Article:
Deskphone Control Mode
When operating in deskphone control mode, the Client Services Framework uses CTI/JTAPI to provide the ability to place, monitor, and receive calls using Cisco Unified IP Phones. When audio calls are received or placed in this mode, the audio path is through the Cisco Unified IP Phone. For video calls, the video stream can originate and terminate either on the Cisco IP Phone (if it has a camera) or on the computer using a Cisco Unified Video Advantage camera. The Client Services Framework uses the CCMCIP service on Unified CM to discover the associated devices of the user.
When using deskphone control mode for the Client Services Framework, factor the CTI scaling numbers into the Unified CM deployment calculations. For additional information around capacity planning, see the chapter on Unified Communications Design and Deployment Sizing Considerations.
Client Services Framework - Audio and Video Media
A number of standard audio and video codecs for use in low bandwidth or high fidelity deployments are supported with the Client Services Framework. Audio codecs include G.729a, G.711, and G.722.1, while video codecs include H.264 AVC (Advanced Video Coding) with support for H.264 baseline profile levels 1 through 3.1. Video formats supported include QCIF, CIF, VGA, and 720p HD at a rate of up to 30 frames per second.
The Client Services Framework always attempts to transmit and receive high definition video; however, there are a number of throttling factors that need to be considered when deploying video. These throttling considerations include the capability of the device communicating with, the local processing capability of the PC, administrative or user settings, local camera capabilities, and any call admission control policies in place.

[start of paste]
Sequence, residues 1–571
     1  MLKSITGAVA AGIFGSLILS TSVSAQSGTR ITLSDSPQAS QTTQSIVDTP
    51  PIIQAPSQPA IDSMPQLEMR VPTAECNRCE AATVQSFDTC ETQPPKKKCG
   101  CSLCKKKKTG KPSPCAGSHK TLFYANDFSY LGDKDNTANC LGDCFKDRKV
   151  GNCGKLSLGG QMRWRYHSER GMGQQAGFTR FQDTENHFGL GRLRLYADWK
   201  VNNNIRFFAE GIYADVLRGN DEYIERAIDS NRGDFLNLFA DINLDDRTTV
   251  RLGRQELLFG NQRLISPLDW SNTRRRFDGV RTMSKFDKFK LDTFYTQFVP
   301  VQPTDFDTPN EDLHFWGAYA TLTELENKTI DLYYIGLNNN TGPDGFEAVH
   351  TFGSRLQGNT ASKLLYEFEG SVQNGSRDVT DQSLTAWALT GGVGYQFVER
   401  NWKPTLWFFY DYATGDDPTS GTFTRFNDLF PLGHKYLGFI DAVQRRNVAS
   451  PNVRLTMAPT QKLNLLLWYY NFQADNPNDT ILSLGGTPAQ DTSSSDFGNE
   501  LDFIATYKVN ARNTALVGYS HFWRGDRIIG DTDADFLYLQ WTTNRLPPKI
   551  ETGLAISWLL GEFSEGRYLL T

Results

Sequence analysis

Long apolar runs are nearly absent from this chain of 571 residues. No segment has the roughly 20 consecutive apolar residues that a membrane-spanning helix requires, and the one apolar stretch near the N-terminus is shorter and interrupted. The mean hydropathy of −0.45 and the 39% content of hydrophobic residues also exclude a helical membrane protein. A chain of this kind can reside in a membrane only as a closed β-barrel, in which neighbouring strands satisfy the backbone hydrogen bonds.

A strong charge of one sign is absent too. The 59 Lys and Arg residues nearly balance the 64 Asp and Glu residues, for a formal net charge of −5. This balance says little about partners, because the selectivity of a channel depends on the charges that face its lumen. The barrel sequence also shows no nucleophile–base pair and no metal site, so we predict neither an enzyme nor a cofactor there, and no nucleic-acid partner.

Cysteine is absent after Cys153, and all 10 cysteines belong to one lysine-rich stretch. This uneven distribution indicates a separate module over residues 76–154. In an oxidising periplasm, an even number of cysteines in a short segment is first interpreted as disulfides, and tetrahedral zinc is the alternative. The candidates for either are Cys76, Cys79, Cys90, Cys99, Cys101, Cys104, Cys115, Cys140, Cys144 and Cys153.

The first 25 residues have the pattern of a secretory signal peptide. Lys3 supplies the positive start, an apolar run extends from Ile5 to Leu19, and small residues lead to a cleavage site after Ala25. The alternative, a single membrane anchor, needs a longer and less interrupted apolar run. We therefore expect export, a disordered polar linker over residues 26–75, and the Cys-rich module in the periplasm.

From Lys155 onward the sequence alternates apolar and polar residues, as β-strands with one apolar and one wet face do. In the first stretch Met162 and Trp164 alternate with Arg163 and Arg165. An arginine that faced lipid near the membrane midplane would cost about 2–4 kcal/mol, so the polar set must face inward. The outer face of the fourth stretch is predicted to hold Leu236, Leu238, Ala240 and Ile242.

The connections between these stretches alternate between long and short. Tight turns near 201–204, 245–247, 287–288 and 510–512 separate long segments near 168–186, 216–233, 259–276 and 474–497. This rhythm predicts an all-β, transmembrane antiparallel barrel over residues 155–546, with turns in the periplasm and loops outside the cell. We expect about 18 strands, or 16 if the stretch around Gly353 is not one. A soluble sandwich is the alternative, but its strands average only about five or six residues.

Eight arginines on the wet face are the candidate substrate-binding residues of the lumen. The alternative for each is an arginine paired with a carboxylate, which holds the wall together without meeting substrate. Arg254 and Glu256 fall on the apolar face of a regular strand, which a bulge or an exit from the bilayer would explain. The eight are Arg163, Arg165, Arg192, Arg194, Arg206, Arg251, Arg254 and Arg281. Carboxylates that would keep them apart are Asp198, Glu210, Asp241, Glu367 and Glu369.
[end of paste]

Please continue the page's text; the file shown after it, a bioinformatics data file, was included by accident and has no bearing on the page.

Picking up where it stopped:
There are a number of references the Client Services Framework can use to determine the video frame rate for a call. The processing power and CPU used by the client play an important role in determining the video frame rate used. Another decision point is based on the Windows Experience Index (WEI) for the personal computer being used (see http://technet.microsoft.com/en-us/library/cc507870.aspx). The minimum values for encoding and decoding high definition video require a processor WEI encode value of 5.9 and a bandwidth requirement of 1 Mbps for 720p at 15 frames per second or 2 Mbps for 720p at 30 frames per second.
For a listing of client system requirements, video frame rates based on H.264 Level, and WEI encode and decode values, refer to the Client Application Release Notes.
Bandwidth utilization for audio and video calls from the Client Services Framework can be maintained using the Unified CM regions and locations call admission control mechanisms. Administratively placing the Client Services Framework in a Region provides the ability to control the per-call voice and video bandwidth usage and the preferred audio codecs to be used for calls within and between regions. Unified CM locations-based call admission control, and/or the use of RSVP, provides intra-location and inter-location audio and video bandwidth control. The Client Services Framework requires the Unified CM region per-call bandwidth settings to be sufficient to cover both the audio and video portions of the call. For example, to have a video call at a frame size of 720p and a frame rate of 30 frames per second, the session bit rate needs to be 2,000 kbps just for video; therefore, the region bandwidth for a call must account for the audio portion at 64 kbps (assuming a G.711 or G.722 codec) as well as the video portion at 2,000 kbps (assuming 720p at 30 fps). For more information on Unified CM support for regions and locations for call admission control, see the chapter on Call Processing.